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Contents

John Barrowman wants 3 farthings, DRAMATIC

The Greek philosophers, and Aristotle in particular, were the first to propose that there are abstract principles governing nature. Aristotle argued, in his paper On the Heavens, that every body has a "heaviness" and so tends to fall to its "natural place". From this he wrongly concluded that an object twice as heavy as another would fall to the ground from the same distance in half the time. Aristotle believed in logic over experimentation and so it wasn't until more than a thousand years later that experiments were developed to prove and disprove laws of mechanics. However, in his On the Heavens, he made a distinction between "natural motion" and "enforced motion". He led to the conclusion that in a vacuum there is no reason for a body to naturally move to one point rather than any other, and so a body in a vacuum will either stay at rest or move indefinitely if put in motion. So Aristotle was really the first to develop the law of inertia. However, when an object is not in a vacuum, he believed that an object would stop moving once the applied forces were removed. The Aristotelians developed elaborate explanations for why an arrow continued to fly through the air once it left the bow - for example, it was proposed that the arrow created a vacuum behind it into which air rushed, providing a force at the back of the arrow. Aristotle's beliefs were based on the fact that the heavens were perfect and had different laws from those on Earth.

The experimental scientific method was introduced into mechanics in the 11th century by al-Biruni, who along with al-Khazini in the 12th century, unified statics and dynamics into the science of mechanics, and combined the fields of hydrostatics with dynamics to create the field of hydrodynamics.[1] Early yet incomplete theories pertaining to mechanics were also discovered by several other Muslim physicists during the Middle Ages. The law of inertia, known as Newton's first law of motion, and the concept of momentum, part of Newton's second law of motion, were discovered by Ibn al-Haytham (Alhacen)[2][3] and Avicenna.[4][5] The proportionality between force and acceleration, an important principle in classical mechanics was discovered by Hibat Allah Abu'l-Barakat al-Baghdaadi,[6] and theories on gravity were developed by Ja'far Muhammad ibn Mūsā ibn Shākir,[7] Ibn al-Haytham,[8] and al-Khazini.[9] It is known that Galileo Galilei's mathematical treatment of acceleration and his concept of impetus[10] grew out of earlier medieval Muslim analyses of motion, especially those of Avicenna[4] and Ibn Bajjah.[11]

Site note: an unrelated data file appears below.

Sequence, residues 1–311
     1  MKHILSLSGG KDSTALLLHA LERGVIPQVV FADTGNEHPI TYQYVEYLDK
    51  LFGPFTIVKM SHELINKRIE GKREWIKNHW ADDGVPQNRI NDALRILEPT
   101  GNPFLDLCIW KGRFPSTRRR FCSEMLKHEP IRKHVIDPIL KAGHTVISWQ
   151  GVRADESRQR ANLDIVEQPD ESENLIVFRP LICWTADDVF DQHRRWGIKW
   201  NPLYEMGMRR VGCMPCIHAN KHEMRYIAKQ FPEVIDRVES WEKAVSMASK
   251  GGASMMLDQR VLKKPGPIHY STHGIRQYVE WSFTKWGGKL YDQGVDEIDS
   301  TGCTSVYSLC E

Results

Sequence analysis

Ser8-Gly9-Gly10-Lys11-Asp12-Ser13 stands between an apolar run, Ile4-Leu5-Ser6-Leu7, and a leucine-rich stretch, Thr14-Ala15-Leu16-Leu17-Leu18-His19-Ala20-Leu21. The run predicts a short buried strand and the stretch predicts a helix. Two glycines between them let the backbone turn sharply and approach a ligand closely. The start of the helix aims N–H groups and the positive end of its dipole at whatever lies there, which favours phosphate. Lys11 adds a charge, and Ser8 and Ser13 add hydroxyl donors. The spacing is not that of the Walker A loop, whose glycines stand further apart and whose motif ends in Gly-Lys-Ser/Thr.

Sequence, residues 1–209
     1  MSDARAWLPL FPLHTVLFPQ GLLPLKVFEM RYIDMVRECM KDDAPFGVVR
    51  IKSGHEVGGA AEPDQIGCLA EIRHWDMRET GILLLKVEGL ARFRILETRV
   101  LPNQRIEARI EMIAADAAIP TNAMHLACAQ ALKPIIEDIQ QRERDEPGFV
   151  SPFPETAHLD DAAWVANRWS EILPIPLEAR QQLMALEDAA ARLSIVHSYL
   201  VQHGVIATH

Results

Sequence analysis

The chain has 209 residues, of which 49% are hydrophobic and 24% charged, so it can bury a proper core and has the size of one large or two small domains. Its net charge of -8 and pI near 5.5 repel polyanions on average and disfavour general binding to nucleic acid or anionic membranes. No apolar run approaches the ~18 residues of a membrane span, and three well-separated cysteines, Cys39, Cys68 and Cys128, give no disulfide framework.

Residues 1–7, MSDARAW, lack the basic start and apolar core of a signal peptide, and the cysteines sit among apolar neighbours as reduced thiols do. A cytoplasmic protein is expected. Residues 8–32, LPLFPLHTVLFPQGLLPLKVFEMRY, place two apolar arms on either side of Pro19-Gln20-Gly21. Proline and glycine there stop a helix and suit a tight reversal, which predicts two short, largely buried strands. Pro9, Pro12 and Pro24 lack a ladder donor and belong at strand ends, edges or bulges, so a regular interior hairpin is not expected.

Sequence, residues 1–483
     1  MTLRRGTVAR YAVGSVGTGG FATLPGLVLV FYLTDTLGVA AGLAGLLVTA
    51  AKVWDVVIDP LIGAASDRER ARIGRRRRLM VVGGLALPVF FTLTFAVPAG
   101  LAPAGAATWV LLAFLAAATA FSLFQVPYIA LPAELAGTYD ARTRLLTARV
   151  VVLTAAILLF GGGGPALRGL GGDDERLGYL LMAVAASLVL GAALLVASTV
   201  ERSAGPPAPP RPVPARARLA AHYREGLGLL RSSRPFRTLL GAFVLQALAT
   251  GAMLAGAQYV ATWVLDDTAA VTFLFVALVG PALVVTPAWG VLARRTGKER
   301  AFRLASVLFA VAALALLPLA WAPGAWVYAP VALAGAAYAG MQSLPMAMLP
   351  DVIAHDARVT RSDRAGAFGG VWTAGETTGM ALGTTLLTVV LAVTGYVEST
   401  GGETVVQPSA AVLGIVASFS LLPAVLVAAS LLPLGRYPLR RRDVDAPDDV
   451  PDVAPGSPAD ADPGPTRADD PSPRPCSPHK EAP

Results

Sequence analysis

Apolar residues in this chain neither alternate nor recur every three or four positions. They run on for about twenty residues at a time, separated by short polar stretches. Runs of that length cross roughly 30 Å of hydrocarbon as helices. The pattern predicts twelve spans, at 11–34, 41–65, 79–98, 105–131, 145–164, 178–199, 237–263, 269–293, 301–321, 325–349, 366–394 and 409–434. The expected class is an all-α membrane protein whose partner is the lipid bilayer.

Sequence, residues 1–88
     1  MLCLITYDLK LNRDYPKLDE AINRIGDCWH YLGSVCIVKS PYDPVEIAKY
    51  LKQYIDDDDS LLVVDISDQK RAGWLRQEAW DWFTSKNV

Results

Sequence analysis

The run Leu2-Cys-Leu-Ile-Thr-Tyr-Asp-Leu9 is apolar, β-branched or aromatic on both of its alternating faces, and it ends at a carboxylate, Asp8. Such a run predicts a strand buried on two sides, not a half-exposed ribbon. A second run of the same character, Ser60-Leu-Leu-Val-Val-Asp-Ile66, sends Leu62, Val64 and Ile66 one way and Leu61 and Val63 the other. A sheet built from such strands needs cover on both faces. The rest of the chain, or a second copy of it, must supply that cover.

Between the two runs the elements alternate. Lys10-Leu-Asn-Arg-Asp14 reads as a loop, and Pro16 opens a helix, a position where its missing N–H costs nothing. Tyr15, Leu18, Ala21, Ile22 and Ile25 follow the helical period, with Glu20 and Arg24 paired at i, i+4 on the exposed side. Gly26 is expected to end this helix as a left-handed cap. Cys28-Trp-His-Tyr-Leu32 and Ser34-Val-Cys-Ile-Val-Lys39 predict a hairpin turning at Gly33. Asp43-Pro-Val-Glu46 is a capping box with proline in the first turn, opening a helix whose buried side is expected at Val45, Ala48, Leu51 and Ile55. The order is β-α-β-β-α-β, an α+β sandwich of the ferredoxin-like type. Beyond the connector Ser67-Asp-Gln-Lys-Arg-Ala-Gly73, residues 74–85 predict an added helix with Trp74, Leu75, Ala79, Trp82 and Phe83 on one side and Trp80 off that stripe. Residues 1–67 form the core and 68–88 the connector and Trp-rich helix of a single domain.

Fig Newton

It wasn't until Galileo Galilei's development of the telescope and his observations that it became clear that the heavens were not made from a perfect, unchanging substance. From Copernicus's heliocentric hypothesis Galileo believed the Earth was just the same as any other planet. Galileo may have performed the famous experiment of dropping two cannon balls from the tower of Pisa. (The theory and the practice showed that they both hit the ground at the same time.) Though the reality of this experiment is disputed, he did carry out quantitative experiments by rolling balls on an inclined plane; his correct theory of accelerated motion was apparently derived from the results of the experiments. Galileo also found that a body dropped vertically hits the ground at the same time as a body projected horizontally, so an Earth rotating uniformly will still have objects falling to the ground under gravity. More significantly, it showed that uniform motion is indistinguishable from rest, and so forms the basics of the theory of relativity.

Sir Isaac Newton was the first to propose and unify all three laws of motion (the law of inertia, his second law mentioned above, and the law of action and reaction), and to prove that these laws govern both everyday objects and celestial objects. Newton and most of his contemporaries, with the notable exception of Christiaan Huygens, hoped that classical mechanics would be able to explain all entities, including (in the form of geometric optics) light. When he discovered Newton's rings, Newton's own explanation avoided wave principles and, he supposed that the light particles were altered or excited by the glass and resonated.

Newton also developed the calculus which is necessary to perform the mathematical calculations involved in classical mechanics. However it was Gottfried Leibniz who, independently of Newton, developed a calculus with the notation of the derivative and integral which are used to this day. Newton's dot notation for time derivatives is retained in classical mechanics.